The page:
When one of the girls from work gave birth to her beautiful baby we all received the text with time and date of birth, weight, mum and bub doing well and… “looking forward to seeing you all at the hospital. Visiting hours are between XYZ…”
My peepers nearly popped out of my head. Of course I was champing at the bit to get in there and have a cuddle but I wasn’t really in the ‘inner sanctum’. I also remembered how clever I thought I was when I had my own children: I had a very selective group of visitors then one ‘open session’ before I went home. I texted her back a day-and-a-half later asking if she really did want people to visit. She didn’t. She called back immediately to say she had made a big mistake and could I help her encourage people to NOT visit.
Clouded by the euphoric high of a healthy baby she accidentally sent the ‘come one and all’ invitation forgetting she might need at least one of two things: sleep or rest. She also didn’t anticipate that learning to breastfeed meant that you couldn’t be shy and that having every man and his dog there might not be helpful to a zen start to motherhood. Coupled with day three blues…need i say more?
The pros and cons of visitors at the hospital are probably equal.
On one hand you can ‘get it out of the way’ while you’re there, introduce (show off) your baby to family and friends then have a peaceful time at home, on the other it’s a good time to rest, recuperate and learn as many tricks of the trade from the midwives while you’re there.
Particularly if your baby has arrived early or if there are complications or concerns you might well want to limit or control the number of visitors for your sanity at least.
A few things to think about:
- Hospital visiting hours are there for a reason: so everyone gets some rest. At the very least try to stick to them.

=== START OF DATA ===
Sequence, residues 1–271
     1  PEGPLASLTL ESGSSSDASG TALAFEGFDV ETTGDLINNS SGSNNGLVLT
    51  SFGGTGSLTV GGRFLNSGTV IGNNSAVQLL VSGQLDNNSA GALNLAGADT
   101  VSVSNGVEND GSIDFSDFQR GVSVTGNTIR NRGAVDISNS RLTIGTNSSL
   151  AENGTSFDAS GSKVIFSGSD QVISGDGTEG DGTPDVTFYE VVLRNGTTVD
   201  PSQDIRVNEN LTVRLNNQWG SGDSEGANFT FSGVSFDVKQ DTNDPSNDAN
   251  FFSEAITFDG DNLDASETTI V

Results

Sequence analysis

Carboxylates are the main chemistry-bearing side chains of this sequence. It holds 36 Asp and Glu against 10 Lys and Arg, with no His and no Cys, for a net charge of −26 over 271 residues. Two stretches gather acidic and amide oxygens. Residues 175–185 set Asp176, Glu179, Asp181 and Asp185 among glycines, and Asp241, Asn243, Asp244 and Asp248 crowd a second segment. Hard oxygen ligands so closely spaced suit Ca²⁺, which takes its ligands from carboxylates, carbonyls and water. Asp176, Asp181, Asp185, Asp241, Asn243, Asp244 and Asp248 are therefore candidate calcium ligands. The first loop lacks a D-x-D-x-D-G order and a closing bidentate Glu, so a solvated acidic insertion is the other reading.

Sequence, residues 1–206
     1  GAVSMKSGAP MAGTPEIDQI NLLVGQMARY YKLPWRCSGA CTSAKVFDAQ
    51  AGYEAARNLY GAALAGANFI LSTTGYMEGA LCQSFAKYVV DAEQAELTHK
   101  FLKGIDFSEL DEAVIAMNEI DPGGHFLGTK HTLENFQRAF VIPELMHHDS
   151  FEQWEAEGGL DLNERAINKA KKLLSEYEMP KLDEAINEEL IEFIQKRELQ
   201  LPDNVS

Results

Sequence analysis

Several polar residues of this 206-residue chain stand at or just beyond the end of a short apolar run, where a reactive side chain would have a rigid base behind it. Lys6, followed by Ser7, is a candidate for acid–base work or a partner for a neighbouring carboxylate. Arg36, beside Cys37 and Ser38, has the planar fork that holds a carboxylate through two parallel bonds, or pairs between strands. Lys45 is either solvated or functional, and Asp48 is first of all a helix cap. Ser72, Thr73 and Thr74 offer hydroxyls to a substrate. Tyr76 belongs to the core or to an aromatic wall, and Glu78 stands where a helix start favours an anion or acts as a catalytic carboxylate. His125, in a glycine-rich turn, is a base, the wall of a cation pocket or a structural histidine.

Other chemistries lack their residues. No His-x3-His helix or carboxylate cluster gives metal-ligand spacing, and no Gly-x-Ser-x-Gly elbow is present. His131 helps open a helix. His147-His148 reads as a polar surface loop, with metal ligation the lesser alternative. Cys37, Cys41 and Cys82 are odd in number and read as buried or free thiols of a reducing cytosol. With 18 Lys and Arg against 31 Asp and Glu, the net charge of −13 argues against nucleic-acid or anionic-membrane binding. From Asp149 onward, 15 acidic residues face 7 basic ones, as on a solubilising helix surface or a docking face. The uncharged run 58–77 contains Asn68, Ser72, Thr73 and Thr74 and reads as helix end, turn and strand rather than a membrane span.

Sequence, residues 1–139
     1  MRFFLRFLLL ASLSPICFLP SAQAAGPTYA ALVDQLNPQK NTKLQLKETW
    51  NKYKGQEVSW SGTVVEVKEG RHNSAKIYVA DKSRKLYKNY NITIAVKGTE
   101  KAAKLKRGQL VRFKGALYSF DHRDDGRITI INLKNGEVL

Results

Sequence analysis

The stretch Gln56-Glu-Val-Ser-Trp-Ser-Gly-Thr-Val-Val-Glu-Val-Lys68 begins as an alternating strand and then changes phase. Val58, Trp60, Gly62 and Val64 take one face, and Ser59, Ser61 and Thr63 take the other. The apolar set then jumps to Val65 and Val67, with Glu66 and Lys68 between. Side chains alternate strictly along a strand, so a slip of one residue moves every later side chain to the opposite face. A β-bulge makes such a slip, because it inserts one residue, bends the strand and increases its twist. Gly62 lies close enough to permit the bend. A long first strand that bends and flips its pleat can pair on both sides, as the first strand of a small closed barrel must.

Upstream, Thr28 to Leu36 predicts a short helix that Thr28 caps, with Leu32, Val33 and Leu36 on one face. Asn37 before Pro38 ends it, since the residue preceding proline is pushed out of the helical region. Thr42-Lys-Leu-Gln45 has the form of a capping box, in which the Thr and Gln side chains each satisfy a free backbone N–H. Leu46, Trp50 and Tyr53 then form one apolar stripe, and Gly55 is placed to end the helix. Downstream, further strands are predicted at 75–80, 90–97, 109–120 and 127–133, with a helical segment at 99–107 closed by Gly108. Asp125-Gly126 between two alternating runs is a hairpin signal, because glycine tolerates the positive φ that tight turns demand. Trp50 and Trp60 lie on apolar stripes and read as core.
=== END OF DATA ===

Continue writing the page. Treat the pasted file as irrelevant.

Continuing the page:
- Don’t be scared to let people know you’re looking forward to catching up when you’re home and settled and that you’ll be in touch soon.
- If people are staying for a bit long you can always say “thanks so much for coming, I’m just going to grab a kip before the next feed”.
- Get your partner to manage the guest list/ door, that way you won’t feel bad.
- If you’re home and don’t want people popping by unannounced (think well meaning neighbours) just hang a sign on your door saying ‘mum and bub sleeping’.
Visitors to the Special Care Nursery
- Wash Your Hands - As Special Care Nursery babies are vulnerable to infection, it is important to reduce the risk. Hands carry bacteria on the skin. All visitors including parents should ensure they wash their hands before entering the nursery environment.
- Turn Mobile Phones Off
- Any visitors with coughs, colds, cold sores, diarrhoea or generally unwell should not visit.
- Most hospitals limit 2 visitors per baby during visiting hours and only siblings are welcome with adult supervision.
Did visitors stress you out or did you love having people pop by?
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